What should I avoid?

Don't plagiarize on a paper; if you plagiarize, you will fail the class. Don’t miss more than 15% of class (8 hours, as per the college handbook). For every hour of class you miss beyond the 8 allowed hours, you'll lose 5 points from your final average. Try hard, come to class, write, engage with the material, and be involved in the learning process — and you'll be fine.

Course Schedule

Please note that all assignments/due dates are subject to change.

March 6 (T) 


In class reading: Audre Lorde poems: “Power,” “Who Said It Was Simple”

March 8 (Th)

Reading due: Excerpt from W.E.B. Du Bois’ The Souls of Black Folk, “Of Our Spiritual Strivings;” Excerpt from Frantz Fanon’s Black Skin, White Masks (chapter 5, 89-98)

March 13 (T)

Reading due:  James Baldwin, “My Dungeon Shook: Letter to my Nephew;” Excerpt from Ta-Nehisi Coates’ Between the World and Me (5-12, 68-71) 

March 15 (Th)

Reading due: Audre Lorde, “The Master’s Tools Will Never Dismantle the Master’s House;” Andrea Smith, “Heteropatriarchy and the Three Pillars of White Supremacy”

March 20 (T)

Reading due: Claudia Rankine, “The Condition of Black Life is One of Mourning;” Carol Anderson, “White Rage”

March 22 (Th)

Reading due: Daniel José Older, “This Far: Notes on Love and Revolution;” Edwidge Danticat, “Message to my Daughters”

March 27 (T)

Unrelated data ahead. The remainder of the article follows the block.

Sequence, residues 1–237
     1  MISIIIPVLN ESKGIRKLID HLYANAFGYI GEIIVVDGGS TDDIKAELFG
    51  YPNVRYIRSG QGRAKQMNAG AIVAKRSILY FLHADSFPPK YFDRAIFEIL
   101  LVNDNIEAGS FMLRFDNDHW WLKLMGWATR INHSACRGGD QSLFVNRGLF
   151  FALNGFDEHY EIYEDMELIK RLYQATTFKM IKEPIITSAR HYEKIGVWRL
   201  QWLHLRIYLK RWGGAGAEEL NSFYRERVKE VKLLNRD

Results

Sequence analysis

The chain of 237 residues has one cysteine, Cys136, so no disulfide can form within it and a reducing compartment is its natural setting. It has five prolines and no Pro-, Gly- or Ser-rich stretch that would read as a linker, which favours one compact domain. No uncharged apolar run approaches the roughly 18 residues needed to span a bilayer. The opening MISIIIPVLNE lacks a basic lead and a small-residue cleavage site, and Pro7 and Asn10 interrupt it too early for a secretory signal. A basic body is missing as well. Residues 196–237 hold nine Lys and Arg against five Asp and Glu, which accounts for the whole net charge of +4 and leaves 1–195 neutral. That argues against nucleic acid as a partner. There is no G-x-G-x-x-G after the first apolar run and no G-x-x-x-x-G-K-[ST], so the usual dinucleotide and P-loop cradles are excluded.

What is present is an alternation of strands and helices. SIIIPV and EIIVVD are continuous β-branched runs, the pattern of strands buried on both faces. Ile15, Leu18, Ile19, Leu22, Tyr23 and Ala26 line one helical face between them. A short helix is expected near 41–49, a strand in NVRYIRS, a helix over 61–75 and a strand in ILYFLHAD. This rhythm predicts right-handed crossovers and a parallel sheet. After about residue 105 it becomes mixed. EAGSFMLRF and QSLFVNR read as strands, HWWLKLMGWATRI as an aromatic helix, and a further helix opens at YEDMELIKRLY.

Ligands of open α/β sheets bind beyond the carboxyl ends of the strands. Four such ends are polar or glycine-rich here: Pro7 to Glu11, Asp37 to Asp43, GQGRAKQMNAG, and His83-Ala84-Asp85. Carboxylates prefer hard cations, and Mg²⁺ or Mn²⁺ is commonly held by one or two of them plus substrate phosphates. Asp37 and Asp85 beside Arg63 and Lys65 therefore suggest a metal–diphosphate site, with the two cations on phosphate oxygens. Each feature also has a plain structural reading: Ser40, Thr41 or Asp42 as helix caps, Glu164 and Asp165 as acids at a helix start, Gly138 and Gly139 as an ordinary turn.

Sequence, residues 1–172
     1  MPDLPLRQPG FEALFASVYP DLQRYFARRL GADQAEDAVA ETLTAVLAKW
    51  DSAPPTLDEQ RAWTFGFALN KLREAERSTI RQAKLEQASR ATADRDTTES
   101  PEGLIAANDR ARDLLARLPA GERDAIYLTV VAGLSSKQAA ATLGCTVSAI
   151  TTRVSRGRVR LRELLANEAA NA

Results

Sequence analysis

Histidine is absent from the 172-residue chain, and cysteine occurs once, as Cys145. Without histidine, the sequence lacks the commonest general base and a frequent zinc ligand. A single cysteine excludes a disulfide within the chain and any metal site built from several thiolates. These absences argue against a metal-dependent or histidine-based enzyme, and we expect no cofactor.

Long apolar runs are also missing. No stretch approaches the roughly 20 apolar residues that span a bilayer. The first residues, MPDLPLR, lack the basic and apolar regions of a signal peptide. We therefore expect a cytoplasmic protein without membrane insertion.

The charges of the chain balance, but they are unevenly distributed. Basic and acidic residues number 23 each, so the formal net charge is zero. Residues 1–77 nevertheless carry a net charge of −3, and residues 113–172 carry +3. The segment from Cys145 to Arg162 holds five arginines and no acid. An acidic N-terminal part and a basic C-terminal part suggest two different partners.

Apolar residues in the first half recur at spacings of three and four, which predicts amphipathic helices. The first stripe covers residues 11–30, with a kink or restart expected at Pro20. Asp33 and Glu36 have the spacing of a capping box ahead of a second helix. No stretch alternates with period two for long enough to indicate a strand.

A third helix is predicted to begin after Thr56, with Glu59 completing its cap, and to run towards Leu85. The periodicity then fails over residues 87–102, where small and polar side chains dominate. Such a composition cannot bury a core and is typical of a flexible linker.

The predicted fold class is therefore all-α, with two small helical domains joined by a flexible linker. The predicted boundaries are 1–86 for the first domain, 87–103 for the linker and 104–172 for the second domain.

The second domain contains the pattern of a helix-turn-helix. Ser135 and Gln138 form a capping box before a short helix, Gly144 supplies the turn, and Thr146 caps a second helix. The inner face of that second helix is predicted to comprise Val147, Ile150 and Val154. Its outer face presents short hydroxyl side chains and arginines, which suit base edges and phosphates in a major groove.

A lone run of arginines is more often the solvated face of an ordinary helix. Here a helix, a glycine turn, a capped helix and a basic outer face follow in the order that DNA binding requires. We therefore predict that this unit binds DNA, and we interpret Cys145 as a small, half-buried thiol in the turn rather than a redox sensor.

Paper 1 due

In class screening & discussion: Get Out

March 29 (Th)

In class screening & discussion: Get Out (including the alternate ending, y’all!)


NO CLASSES 3/30-4/8

April 10 (T)

Research Workshop

April 12 (Th)

Paper 2 Workshop

April 17 (T)

Reading due: Selected article for Get Out analysis; Paper 2 Workshop

April 19 (Th)

Paper 2 Workshop

April 24 (T)

Paper 2 due: paper presentations & swaps

April 26 (Th)

Reading due: Colleague’s paper 2; their selected article

Writing in class: Paper 3/Midterm

May 1 (T)

Reading due: Final Project prompt; student examples

Due for class: Choose your pop culture item for final project

May 3 (Th)

Reading due: first article for your project

May 8 (T)

Reading due: second article for your project

May 10 (Th)

Final Project Lab

Rough draft due of Final Project

May 15 (T)

Paper Conferences

May 17 (Th)

Final Project Editing Lab

May 22 (T)

Final Project due

Final Project Uploads & Swaps

May 24 (Th)

Reading due: at least one colleague’s final project

May 29 (T)

Final Exam written in class

May 31 (Th)

Final Exam revision lab (only needed for those who failed the final)

June 5 (T)

Grading Conferences: 10:30-1:30 in Library O

 ENG 101 Syllabus/ Holmstrom / Spring I 2018